Right Hip Revival


It's been 8 days since I had my right hip replaced. With it being my second replacement, I knew what to expect going into surgery.

I was feeling good about surgery, but as the nurse was prepping me before anesthesia, she went through a group of questions. One was: "If you die on the table, would you like to be revived?" I wasn't expecting that one. "Um, yes, please," I responded to the nurse. She walked out of the room and it was just my husband and I left. I went into panic mode and began to tell him my wishes for our children and family through my tears. He asked me to stop, but it felt so necessary at the time. After all, it was a possibility. I don't know why the fear set in with surgery this time after I'd already survived 4 others, but after the nurse asked me that, part of me felt selfish -- like I was taking a risk I didn't need to take. I was having this surgery to improve my quality of life, but what if it resulted in the absolute worst?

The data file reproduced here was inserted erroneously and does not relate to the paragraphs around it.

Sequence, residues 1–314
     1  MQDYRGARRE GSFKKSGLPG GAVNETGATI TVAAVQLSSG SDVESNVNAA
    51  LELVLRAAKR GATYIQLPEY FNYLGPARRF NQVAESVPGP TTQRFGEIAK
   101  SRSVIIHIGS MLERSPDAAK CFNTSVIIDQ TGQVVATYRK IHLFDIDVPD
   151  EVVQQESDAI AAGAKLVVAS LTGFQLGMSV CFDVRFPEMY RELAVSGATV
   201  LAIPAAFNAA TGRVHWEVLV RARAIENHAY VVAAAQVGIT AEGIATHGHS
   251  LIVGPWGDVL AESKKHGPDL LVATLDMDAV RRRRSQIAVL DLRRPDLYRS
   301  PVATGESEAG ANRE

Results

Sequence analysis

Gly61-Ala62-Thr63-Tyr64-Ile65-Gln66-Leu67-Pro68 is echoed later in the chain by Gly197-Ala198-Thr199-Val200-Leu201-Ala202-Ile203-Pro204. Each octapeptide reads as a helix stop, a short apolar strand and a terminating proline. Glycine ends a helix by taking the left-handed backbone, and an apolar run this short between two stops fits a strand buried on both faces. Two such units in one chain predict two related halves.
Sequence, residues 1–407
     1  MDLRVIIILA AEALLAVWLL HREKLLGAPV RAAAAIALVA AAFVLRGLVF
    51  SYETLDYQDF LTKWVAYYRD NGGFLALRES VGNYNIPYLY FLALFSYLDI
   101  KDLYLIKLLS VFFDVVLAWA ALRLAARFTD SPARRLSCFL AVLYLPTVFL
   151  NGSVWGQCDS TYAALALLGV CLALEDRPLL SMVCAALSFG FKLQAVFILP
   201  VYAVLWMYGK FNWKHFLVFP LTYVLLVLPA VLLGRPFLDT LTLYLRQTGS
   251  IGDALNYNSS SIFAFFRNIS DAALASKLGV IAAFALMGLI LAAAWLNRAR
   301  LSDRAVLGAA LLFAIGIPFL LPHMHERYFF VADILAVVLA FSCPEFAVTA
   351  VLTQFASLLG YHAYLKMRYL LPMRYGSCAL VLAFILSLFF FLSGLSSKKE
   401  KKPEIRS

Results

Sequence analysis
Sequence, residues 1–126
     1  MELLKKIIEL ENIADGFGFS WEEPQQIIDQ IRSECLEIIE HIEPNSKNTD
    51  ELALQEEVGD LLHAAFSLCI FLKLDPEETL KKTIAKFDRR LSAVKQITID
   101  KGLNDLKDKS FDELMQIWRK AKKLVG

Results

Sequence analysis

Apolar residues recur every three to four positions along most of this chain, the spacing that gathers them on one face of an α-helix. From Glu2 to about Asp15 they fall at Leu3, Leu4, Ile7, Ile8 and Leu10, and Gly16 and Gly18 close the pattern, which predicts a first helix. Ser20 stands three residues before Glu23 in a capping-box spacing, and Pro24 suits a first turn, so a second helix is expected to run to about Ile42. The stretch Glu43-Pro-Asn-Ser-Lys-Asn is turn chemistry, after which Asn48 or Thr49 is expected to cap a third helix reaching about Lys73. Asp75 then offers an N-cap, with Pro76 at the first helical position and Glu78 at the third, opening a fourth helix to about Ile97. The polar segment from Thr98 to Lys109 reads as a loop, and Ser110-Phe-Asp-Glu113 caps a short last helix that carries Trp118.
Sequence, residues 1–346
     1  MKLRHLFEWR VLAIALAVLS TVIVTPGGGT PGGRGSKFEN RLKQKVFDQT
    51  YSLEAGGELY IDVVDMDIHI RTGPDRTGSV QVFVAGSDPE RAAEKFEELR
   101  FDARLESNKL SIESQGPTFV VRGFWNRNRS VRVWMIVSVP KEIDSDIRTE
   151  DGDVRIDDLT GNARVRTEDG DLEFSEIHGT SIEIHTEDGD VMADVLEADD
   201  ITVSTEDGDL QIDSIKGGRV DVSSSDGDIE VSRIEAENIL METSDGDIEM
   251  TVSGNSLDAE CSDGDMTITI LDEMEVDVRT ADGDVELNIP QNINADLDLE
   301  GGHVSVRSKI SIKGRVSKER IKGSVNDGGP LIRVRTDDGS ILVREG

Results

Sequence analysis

I took a few deep breaths, and I said a prayer.

I was taken to anesthesia, where I knew it wouldn't be long before I knew my fate. Time would begin to warp and I'd wake up in recovery ... or I wouldn't.

Low and behold -- I woke up in recovery and made some desperate attempts at eye contact with a nurse. I was in pain and under heavy medications, but I was alive. The hospital was in overflow so I ended up being taken to a wing of the hospital where the nurses didn't typically tend to orthopedic patients. They were all great, however, and did their best.